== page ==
Partner to survive

With convergence, integrators need to mask their weaknesses
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Monday, May 1, 2006

As I reflect on what was probably the best ISC West Security Expo I have personally attended, I wanted to share with you a conversation that I had on the plane ride out to the show. I was seated next to a high-level executive of a large wireless service provider who was traveling to the Cellular Telephone Industry Association show, also in Las Vegas that week. I asked him what his company's role in the show was and his answer, as well as the subsequent conversation, had a profound impact on my view of partnering.
He told me that his company was going to the CTIA show to look for key partners in an effort to prepare for the next wave of technology convergence that was sure to happen in his industry. Yes, the same type of technology convergence that our industry is experiencing now.
What followed next was nothing short of astonishing as he led me down a path populated by Ma Bells and Baby Bells, followed shortly thereafter by the wireless explosion. It was at this point that I started to see a striking resemblance to the security industry of today. When he mentioned the convergence of the wireless world with applications like the Internet, satellite radio, video, GPS, and a whole host of other technologies that neither he nor I would have ever thought available via my cell phone, I started to take notes. However, the most valuable piece of information he gave me came when I asked him how his company had survived. His answer was simple and it reinforced what I have been saying for years: They had survived the convergence of technologies because they partnered with the right people and the right products, and provided better than average service to the customer.
In the last 12 months, I have been asked to speak several times on what effect the convergence of the physical security and IT worlds is having on the physical security integrator. In those presentations, I stress that to survive and be successful, we must partner with the right products and the right people and provide high-level service, both physical and IT service, to the end user. On the surface, to partner is a simple concept, but one that I feel our industry has overlooked or been hesitant to embrace because of the lack of trust between physical security and IT professionals.
Now, the key to any partnership is maximizing the strengths of the partners and minimizing the weaknesses in order to mitigate any risk of failure. Again, the concept sounds simple, but, if taken lightly, it can lead to disaster. To develop and maintain a true working partnership, one beneficial to all parties, you must be willing to admit what your weaknesses are and find a partner who can mask those weaknesses for you. In addition, you want your strengths to be where your partner lacks expertise. You and your partner must communicate and, if necessary, put in writing the desired outcome, listing the expectations of all parties and sharing strengths and weaknesses in an effort to put all of the cards on the table.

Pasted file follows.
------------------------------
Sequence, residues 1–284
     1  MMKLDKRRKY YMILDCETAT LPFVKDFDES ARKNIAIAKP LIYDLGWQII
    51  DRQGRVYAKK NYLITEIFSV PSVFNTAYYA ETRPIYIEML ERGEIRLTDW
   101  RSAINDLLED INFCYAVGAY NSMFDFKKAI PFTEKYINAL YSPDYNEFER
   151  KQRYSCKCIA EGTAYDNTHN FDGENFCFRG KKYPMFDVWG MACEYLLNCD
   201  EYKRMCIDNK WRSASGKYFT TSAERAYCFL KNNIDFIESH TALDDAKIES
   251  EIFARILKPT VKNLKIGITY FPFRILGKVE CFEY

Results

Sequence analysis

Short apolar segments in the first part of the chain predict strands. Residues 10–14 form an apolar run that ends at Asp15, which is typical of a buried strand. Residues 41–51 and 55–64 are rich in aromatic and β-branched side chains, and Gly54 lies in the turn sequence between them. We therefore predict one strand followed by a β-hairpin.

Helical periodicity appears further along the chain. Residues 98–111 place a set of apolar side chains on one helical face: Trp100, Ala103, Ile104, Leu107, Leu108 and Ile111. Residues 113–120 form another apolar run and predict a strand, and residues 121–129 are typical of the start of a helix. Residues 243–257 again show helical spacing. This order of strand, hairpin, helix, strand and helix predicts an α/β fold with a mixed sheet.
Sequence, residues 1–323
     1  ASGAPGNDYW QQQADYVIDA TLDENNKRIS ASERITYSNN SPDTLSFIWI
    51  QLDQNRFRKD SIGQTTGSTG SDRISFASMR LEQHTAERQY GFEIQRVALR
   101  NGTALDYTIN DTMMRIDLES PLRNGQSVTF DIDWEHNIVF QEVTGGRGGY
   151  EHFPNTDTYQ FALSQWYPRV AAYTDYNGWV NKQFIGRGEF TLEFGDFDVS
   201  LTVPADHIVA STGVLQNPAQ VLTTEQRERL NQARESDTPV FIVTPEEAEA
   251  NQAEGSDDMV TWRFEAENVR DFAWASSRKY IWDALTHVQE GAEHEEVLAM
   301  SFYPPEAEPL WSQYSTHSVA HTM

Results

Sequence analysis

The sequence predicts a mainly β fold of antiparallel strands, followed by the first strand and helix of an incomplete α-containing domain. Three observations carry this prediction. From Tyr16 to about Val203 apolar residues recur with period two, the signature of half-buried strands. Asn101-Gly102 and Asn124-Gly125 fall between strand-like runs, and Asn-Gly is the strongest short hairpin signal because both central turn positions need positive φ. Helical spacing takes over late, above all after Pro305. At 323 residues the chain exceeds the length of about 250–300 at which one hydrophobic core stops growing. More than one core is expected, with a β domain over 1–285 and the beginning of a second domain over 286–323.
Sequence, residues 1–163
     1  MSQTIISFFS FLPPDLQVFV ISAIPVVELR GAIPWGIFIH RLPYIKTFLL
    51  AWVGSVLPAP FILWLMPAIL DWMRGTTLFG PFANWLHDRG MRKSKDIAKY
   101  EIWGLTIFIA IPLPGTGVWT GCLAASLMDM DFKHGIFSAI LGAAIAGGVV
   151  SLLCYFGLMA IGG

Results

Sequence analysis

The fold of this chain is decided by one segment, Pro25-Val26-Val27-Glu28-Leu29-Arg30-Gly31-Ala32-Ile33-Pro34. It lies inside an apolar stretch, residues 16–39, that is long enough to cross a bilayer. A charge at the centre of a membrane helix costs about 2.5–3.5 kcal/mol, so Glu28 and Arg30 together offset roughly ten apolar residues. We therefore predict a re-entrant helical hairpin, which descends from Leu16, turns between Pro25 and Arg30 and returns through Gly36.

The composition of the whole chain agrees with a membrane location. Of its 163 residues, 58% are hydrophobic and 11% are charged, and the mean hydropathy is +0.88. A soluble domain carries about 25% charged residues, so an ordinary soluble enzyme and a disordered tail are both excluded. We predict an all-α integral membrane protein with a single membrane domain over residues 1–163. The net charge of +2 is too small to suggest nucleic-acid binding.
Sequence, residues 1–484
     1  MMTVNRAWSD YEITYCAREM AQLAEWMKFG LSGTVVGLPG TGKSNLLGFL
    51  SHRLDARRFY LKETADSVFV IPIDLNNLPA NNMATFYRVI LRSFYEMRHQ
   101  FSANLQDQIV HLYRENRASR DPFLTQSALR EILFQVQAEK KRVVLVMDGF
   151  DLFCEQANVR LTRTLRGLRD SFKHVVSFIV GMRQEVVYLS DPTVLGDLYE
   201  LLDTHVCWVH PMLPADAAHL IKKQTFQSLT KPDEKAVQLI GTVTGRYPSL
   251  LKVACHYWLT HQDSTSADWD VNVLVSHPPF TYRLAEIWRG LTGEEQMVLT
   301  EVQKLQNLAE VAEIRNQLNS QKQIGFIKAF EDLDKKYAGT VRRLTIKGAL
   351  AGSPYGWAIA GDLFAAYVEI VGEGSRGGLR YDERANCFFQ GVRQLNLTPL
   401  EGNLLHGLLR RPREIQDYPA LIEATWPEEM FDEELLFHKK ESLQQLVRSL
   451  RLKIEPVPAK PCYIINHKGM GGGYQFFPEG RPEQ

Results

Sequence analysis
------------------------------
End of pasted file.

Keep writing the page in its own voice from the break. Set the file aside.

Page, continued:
Don't be afraid of partnering with an IT company. This is key a partnership in our converging worlds because they don't understand physical security like we do and we don't understand the IT world like they do. The true beauty in partnering with an IT company today is the fact that IT companies are getting asked more and more to incorporate physical security into their offering of products and services. They have the money and they need us! What are we waiting for?
As I walked the show floor at ISC West, IT was everywhere. Almost every booth I visited had some sort of IP-ready product and IT companies like Cisco were listed as "partners" on numerous security product brochures. I also noticed that several manufacturers of IP-ready products were going to market with "Certified" dealers, not just anyone who had a truck and a couple of techs. I believe that a true "Certified" dealer program--a partnership between the security equipment manufacturer and the physical security integrator that includes IT network certification training, escalation service assistance and the sharing of sales opportunities--will be key to the success of physical security professionals and the manufacturer as convergence happens.
My last piece of advice on partnering is simple: You must be willing to take a smaller piece of many pies instead of the entire pie once in a while. After all, if you play your cards right, good partnerships will leave you with more pie than you can eat--at least, you won't go hungry.

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Rob Hile is the vice president of business development at Convergint Technologies, an independent integrator focusing on CCTV, card access and fire alarm systems, based in the Washington, DC area.